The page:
Relationships grow slowly if they are genuine. When people have experienced so much alienation, they do not easily move into relationships with us as representatives of a particular church, especially one that perhaps has alienated them in hurtful ways. People are wary, and rightly so.

The keys to being in partnership in mission, I believe, are patience, comfortableness with one’s own fragility, ability to believe in the way one is being in relationship in this context, and the ability to stand firm when the world around criticises you because success stories are rarely seen or heard, and no buildings can be seen for your effort.

Trust in God, who is just waiting to be heard in this context if we can stop our talking and listen. Trust and belief in the people that they do have the power to empower themselves, to speak with their own voices, to take hold of their lives and transform them even when society does everything to keep them at the bottom of the ladder.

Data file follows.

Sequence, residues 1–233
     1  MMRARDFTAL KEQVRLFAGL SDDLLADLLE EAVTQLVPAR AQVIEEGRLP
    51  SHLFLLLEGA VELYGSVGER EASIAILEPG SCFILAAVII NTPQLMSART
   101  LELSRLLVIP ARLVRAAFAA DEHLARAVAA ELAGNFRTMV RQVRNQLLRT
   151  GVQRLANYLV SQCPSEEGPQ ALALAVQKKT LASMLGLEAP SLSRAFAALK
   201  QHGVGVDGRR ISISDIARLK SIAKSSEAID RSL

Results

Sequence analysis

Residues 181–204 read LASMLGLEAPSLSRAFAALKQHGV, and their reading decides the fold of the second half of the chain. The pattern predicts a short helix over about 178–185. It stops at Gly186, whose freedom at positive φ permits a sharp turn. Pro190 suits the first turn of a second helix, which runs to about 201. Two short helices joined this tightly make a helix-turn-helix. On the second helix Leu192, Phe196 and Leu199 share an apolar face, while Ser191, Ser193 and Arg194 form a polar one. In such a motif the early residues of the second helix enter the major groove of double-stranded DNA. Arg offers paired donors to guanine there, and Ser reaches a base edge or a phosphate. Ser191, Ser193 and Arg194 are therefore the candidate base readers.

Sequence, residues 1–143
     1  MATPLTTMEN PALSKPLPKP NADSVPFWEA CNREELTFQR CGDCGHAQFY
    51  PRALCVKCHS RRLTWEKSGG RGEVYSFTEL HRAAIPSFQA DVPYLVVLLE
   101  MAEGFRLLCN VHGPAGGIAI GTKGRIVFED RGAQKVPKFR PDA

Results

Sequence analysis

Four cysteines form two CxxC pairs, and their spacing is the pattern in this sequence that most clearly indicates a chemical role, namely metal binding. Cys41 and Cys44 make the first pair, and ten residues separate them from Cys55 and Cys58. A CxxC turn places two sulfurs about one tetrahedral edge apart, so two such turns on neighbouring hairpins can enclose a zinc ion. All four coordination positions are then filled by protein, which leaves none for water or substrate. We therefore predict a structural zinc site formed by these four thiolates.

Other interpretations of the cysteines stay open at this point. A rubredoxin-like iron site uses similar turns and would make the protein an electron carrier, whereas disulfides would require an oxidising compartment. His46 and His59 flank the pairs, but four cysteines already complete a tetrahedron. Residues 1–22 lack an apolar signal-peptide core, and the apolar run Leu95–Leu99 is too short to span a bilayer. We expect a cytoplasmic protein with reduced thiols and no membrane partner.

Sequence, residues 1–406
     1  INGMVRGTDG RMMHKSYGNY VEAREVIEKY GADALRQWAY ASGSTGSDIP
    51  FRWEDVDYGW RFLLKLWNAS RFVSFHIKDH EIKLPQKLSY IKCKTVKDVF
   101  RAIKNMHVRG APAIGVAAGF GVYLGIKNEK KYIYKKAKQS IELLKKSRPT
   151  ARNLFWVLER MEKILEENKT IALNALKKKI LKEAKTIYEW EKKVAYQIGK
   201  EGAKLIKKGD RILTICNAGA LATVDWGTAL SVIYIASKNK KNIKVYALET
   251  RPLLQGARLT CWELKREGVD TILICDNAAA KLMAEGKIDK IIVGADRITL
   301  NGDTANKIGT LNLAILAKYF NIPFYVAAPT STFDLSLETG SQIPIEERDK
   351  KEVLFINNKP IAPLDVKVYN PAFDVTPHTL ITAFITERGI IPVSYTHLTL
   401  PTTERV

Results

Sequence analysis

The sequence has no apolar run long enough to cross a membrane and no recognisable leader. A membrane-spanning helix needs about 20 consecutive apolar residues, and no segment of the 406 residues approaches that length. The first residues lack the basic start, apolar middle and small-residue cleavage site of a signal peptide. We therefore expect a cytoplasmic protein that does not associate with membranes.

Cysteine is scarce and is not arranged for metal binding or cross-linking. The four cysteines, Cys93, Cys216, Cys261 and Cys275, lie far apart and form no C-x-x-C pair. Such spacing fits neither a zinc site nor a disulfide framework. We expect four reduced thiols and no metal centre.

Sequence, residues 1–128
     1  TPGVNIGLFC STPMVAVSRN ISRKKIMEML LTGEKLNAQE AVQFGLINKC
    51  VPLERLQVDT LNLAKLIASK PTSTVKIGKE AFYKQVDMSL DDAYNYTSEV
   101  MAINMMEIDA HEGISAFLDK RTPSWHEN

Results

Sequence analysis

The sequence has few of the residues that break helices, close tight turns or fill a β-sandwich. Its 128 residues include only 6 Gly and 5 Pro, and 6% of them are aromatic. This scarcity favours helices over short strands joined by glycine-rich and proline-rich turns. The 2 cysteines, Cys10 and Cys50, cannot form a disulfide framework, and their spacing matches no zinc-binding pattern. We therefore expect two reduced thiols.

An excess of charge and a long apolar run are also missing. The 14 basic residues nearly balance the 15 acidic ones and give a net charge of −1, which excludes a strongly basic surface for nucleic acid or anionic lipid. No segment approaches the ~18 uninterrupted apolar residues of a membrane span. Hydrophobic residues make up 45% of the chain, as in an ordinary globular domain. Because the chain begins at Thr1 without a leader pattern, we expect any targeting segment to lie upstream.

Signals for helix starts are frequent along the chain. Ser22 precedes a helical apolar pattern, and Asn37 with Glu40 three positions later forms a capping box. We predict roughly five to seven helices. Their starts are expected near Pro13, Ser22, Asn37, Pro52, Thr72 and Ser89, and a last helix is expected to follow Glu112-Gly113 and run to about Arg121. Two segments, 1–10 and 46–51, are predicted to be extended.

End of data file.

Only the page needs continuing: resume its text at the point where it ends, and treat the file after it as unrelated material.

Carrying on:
The qualities of leadership are all around us. With encouragement, and once again patience, we wait for the person to take up leadership opportunities in creative ways, rather than in socially unacceptable ways. This waiting does take time.

People in urban contexts, particularly in western cultures, have enormous networks. These networks of people come into contact with each other for certain tasks, gatherings and sharings.

The networks move around and change. They are not as homogeneous as communities. They seem to work better in urban cultures where alienation has been so internalised and when they are recognised for their potential.

People experience the freedom to move in and out of them. No long-term demands are placed on people in these networks and short-term goals can be achieved. People share their lives, skills, thoughts and resources where they wish to share and when they want to share them, on their own terms.